The state wants to restore the 2011 penalties that can be imposed on local officials for violating a 1987 preemption law that prohibits Florida’s municipal governments from regulating firearms.
Those penalties, which can include fines up to $5,000 and removal from office, were declared unconstitutional by Leon County Circuit Judge Charles Dodson in July.
Although the Dodson’s ruling also upheld the 1987 preemption law, the state has appealed his repeal of the penalties.
Late Friday, Gov. Ron DeSantis and Attorney General Ashley Moody filed a 42-page brief asking the 1st District Court of Appeal to overturn Dodson’s ruling and restore the 2011 amendments to the 1987 law.
“The trial court’s decision is premised on unsupported theories of immunity inconsistent with the constitutional supremacy of the state’s authority over its counties and municipalities,” the brief said. “If allowed to stand, the decision will not only invite the development of a patchwork regulatory regime in the area of firearms but also render the Legislature impotent to deter power grabs by local officials in other areas.”
According to the brief, Dodson’s ruling undermines the Florida Constitution’s “hierarchical relationship” between state and local governments that “subjugates local governments’ authority to that of the Florida Legislature.”
The state’s Friday night brief was followed Monday by requests from the Florida League of Cities (FLC) and the Florida Association of Counties (FAC) to submit friend-of-the-court briefs on behalf of local governments and elected officials who challenged the law in 2018 lawsuits that were consolidated into one case before Dodson.
“The resolution of the question on appeal is of great importance to the League and FAC and their memberships of diverse local governmental entities across the state of Florida,” the FLC/FAC request said. “A determination that the penalty provisions are constitutional increases the threat of liability at significant cost to local government officials and will also have a chilling effect on individuals desiring to serve in local government.”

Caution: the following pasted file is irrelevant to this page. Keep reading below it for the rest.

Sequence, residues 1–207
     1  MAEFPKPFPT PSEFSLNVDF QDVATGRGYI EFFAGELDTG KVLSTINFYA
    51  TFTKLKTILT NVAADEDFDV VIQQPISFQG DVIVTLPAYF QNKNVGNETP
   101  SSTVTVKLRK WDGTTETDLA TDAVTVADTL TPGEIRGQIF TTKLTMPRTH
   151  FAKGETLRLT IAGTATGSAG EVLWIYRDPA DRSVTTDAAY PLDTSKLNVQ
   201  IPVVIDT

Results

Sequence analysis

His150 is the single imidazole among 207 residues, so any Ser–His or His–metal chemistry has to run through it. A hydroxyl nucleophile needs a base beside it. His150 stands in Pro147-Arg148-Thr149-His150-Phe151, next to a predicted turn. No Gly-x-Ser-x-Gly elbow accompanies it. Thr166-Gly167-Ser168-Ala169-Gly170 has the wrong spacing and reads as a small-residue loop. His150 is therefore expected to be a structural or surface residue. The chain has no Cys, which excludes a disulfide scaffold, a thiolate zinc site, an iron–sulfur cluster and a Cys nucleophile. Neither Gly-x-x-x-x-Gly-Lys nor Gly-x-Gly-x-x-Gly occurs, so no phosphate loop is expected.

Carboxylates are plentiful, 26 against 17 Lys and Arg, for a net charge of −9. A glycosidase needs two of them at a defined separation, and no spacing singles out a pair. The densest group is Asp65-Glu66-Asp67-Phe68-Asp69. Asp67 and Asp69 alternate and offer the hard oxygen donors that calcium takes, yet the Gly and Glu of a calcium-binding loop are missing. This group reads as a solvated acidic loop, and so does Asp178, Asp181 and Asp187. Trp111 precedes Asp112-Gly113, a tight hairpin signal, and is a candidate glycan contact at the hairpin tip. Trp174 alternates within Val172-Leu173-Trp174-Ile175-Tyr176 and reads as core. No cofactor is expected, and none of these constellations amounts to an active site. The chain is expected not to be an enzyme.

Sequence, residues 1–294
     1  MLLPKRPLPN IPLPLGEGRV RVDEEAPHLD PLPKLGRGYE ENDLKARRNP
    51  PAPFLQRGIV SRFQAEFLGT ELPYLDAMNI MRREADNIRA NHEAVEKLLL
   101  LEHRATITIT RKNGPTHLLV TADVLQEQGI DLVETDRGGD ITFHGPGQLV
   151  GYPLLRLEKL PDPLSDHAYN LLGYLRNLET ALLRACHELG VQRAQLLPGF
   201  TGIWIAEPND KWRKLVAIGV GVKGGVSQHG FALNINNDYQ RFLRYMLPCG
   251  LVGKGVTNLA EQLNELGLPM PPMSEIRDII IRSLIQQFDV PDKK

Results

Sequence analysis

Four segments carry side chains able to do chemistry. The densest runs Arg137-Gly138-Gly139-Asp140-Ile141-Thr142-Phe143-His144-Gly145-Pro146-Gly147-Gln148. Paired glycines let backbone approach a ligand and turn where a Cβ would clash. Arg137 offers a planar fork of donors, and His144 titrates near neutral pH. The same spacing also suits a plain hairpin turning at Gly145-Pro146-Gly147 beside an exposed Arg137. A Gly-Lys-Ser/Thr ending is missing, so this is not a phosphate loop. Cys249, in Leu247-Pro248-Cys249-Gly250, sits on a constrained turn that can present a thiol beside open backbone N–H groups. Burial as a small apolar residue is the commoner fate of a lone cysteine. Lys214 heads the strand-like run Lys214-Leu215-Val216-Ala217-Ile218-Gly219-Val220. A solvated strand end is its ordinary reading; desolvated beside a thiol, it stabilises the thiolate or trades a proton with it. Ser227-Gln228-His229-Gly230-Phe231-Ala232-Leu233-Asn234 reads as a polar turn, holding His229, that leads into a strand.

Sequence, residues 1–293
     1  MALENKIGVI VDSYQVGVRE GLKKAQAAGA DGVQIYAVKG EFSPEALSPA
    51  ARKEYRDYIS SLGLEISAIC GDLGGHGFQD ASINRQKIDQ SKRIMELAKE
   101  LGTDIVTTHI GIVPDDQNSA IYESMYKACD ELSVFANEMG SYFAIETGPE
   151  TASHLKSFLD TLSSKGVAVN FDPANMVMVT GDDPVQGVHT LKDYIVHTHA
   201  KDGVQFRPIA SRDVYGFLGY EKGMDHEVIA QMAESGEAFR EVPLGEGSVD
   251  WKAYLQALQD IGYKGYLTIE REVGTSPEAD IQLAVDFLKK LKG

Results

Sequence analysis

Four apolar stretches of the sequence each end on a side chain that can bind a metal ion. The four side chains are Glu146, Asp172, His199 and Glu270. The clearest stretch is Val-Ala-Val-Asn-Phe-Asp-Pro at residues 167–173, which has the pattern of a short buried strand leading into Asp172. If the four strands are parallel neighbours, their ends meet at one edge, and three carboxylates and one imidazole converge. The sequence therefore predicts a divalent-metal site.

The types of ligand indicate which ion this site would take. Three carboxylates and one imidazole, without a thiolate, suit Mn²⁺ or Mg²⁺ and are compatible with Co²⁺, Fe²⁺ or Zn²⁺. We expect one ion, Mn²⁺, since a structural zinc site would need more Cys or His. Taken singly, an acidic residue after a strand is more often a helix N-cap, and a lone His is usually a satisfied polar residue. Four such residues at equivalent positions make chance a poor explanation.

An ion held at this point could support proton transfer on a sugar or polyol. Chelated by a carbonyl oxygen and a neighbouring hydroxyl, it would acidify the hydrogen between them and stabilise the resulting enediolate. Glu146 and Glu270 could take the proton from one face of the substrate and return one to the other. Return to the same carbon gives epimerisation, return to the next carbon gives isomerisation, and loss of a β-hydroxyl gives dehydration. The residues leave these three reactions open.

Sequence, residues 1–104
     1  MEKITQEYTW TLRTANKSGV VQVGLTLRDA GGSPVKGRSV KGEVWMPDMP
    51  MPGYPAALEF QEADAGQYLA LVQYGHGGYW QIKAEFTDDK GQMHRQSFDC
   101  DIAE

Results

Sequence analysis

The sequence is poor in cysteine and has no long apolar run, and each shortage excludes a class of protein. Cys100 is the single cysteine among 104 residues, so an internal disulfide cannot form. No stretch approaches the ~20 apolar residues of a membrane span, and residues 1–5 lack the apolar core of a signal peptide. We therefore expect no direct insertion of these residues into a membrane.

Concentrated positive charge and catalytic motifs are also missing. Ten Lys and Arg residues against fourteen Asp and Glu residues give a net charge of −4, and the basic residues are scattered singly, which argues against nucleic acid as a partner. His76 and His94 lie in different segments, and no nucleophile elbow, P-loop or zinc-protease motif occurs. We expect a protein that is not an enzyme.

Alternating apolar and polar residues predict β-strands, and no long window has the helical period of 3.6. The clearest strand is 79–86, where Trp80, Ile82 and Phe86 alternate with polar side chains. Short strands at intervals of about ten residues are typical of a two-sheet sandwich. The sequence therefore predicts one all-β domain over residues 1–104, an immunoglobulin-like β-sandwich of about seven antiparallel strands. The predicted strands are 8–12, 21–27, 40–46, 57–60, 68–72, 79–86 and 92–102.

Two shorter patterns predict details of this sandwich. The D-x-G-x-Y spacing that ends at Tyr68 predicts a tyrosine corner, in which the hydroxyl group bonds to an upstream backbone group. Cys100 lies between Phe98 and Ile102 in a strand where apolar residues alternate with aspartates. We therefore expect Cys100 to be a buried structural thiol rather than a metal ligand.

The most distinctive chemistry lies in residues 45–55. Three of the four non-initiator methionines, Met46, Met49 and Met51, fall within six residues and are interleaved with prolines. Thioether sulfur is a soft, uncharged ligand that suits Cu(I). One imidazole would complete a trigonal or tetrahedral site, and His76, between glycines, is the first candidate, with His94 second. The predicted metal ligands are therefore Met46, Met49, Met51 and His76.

In 2011, lawmakers added penalties of up to $5,000 in fines and removal from office for passing gun regulations to the 24-year-old preemption law. The amendments also allow citizens and organizations to sue for damages up to $100,000 and attorney fees if they successfully sue local governments for “improper” gun regulations.
Municipalities across the state repealed ordinances they feared could conflict with preemption. Others – including Tallahassee – did not make any changes to defunct gun laws.
In 2014, the Seattle-based Second Amendment Foundation (SAF) and Florida Carry sued then-Tallahassee Mayor Andrew Gillum, two city commissioners and a former mayor for not rescinding gun control ordinances in accordance with state law.
The city’s ordinances, which included prohibitions against discharging firearms in city parks, had not been enforced since 1987. Nevertheless, the SAF and Florida Carry argued failing to formally rescind them was a “knowing and willful” contravention of state law.
In 2017, the 1st District Court of Appeal ruled in favor of Gillum and his co-defendants in the SAF/Florida Carry suit, stating it could not compel a city to repeal local ordinances it wasn’t enforcing, nor could individual elected officials be held personally liable for not repealing regulations made obsolete by state law.
Like Dodson’s July 26 ruling, the 2017 appellate court upheld the 1987 law, affirming the Legislature’s authority to preempt local laws it determines exceed the intent of state statutes.
The legal challenge before Dodson came from 30 cities, three counties and 70 elected officials in the wake of 2018’s Valentine’s Day Marjory Stoneman Douglas school shooting in Parkland, which left 17 dead.
The 2018 suit alleged the 2011 addition of penalties to preemption was “draconian,” a violation of legislative/government immunity rights and provisions, and an unconstitutional breach of separation of powers.
Dodson agreed, ruling the penalties violate elected officials’ “legislative immunity” and the constitutional separation of powers because judges could be asked to issue decisions on penalizing local officials.
“Because local governments must have what amount to small legislatures, and because courts cannot interfere in legislative processes, neither this court, nor any other court in Florida, can enforce the civil penalty provisions (of the law) against local legislators,” Dodson wrote.
But attorneys representing DeSantis and Moody rejected Dodson’s determination in their late-Friday brief.
“The state’s position is that the Legislature may penalize local officials for acting outside the scope of their authority because there is no ‘separation of powers’ doctrine that bars the Legislature from holding them accountable for their official actions,” the brief said.